One thing worth drawing attention to is this notice: Whilst Key-values can be used to pass personal information, they cannot be used to pass any information that would allow the user to be personally identified. For example age and gender are allowed, but values like email addresses or phone numbers must not be passed into Google Ad Manager.
Whilst key-values are powerful, Ad Manager has limits on the number that can be used in different ways. These limits can be quite restrictive, so it is important to understand them when planning how you will implement key-values.
Active keys : Each Google Ad Manager network can have up to 200 active keys at any time.
Active values: There is a total limited of 2.5 million active values per network, with a maximum of 100,000 values on any key (either free-form or predefined).
These general limits are generous enough for most situations, but there are additional limits relating to key-value reporting:
Reportable key-values: 30,000
Custom dimension key-values: 5,000
The limits on reportable and custom-dimension key-values are not only much smaller, but the way they are calculated means that they are more restrictive than they at first appear. The limits are based on the possible combinations
In this example we have a key with 1000 values and another with 5 values defined. Both have been made into reportable dimensions. Even though we have only defined 1005 different values we have reached maximum 5,000 custom dimension key values and an error is generated if another value is added.
The reportable values, and custom dimension value limits are surprising each to reach if you haven’t planned how your key values will be used.
With keys defined you need to then pass some value data into Google Ad Manager to begin using those key-values in any useful way. This is done through the Google Publisher tag on page, using the setTargeting function.
When passing values into Ad Manager you can either have that value associated with just the requests made by a particular adslot, or to all the requests on the current page.
Page level targeting is set in the header portion of the GPT code and is automatically then passed into all ad requests made on that page. This is a good choice when you want to pass details of the user or the page itself, such as the gender of a registered user of the website category they are viewing.
Slot level targeting is set when the ad slot itself is defined. These are most useful when passing values that relate only to requests served into that slot such as it’s position on a page or a viewability prediction.
If you would rather not edit GPT tags directly, either type of tag can also be specified when creating tags in Google Ad Manager.
One of the most frequent uses of key-values is in ad targeting. Many publishers will be familiar with this as it being the way that winning bids from header bidding are turned into price priority line items.
Other uses might include targeting different ads based on user registration data, ad position or the users behaviour within the site. The possibilities are really only limited by the data that you are able to apply and your own creativity.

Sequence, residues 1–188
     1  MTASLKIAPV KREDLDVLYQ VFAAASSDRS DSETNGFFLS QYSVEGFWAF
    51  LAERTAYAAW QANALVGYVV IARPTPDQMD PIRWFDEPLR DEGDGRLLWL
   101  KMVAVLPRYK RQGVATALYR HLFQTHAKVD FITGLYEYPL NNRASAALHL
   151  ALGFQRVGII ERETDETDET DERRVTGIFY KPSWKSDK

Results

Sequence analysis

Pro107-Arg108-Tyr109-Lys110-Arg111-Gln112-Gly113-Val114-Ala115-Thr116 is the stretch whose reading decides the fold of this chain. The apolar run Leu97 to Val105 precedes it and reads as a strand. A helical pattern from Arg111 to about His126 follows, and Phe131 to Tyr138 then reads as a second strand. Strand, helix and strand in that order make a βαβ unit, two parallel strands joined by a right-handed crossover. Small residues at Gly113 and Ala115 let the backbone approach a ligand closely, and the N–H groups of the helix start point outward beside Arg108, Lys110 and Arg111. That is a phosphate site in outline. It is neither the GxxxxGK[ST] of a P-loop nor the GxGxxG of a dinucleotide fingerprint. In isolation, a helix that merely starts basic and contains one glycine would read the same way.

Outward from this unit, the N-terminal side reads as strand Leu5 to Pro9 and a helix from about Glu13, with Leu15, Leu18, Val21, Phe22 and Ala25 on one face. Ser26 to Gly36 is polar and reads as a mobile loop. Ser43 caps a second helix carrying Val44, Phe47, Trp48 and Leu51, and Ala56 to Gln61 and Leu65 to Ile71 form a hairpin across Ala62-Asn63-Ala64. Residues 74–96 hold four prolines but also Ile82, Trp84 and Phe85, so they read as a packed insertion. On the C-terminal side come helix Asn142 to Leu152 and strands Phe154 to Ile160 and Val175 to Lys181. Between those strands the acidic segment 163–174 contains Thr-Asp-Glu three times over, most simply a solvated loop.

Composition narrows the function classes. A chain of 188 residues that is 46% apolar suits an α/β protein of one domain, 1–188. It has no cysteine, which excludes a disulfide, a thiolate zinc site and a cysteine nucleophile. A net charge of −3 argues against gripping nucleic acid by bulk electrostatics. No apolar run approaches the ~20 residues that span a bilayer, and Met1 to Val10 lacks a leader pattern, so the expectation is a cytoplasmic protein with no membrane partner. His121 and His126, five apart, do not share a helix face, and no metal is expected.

Key-value targeting is usually used to target specific values. For example showing particular ads where “gender = male”. You can though target based on a number of other patterns: “Begins with”, “Includes” or “begins with and includes”.
Multiple keys can even be combined in advanced targeting expressions that use boolean operators.
Reporting on key-values
Besides targeting, the other main use of key-values is in reporting. There are three different ways that key-values can be used in reporting:
Filter on key-values
The first option is to filter a report to only show values that include a certain key-value. If, for example, we had a key for website category we could choose to report only on requests from within a particular category to understand how content in that category performed financially.
A Key does not need to be set to reportable in order to filter on it this way.
Reports values as a dimension
Another way of using key-values is creating a query with reportable values as a dimension. This can be useful for comparing performance between different values, such as comparing placements or reporting on impressions won by each header bidding bucket.
This method requires that the key you want to report on is enabled for reporting (see “Creating key-value pairs in Google ad Manager” above). More useful reports can be made by combining this method with the filtering above. For example Reporting on Key-values as the dimension with a filter on key-value containing hb_pb to get the aforementioned header bidding data.
Reports as a custom dimension
The final key value reporting option is to use keys that have been enabled as dimensions, which was introduced as an option at the end of 2018. This allows one key to be broken down by each of the values. Importantly this allows key-values to be nested by selecting multiple dimensions or combining this with the other methods above.
Although the ways that key-values can be used are complex, the concept itself is easy to follow. By planning your use of Keys and Values carefully it is possible to make Google Ad Manager more powerful and to produce more insightful reports.
I’d love to update this guide with more real-world examples of how publishers are using Key-Values on their websites. I’d love to hear how you are using them in the comments below.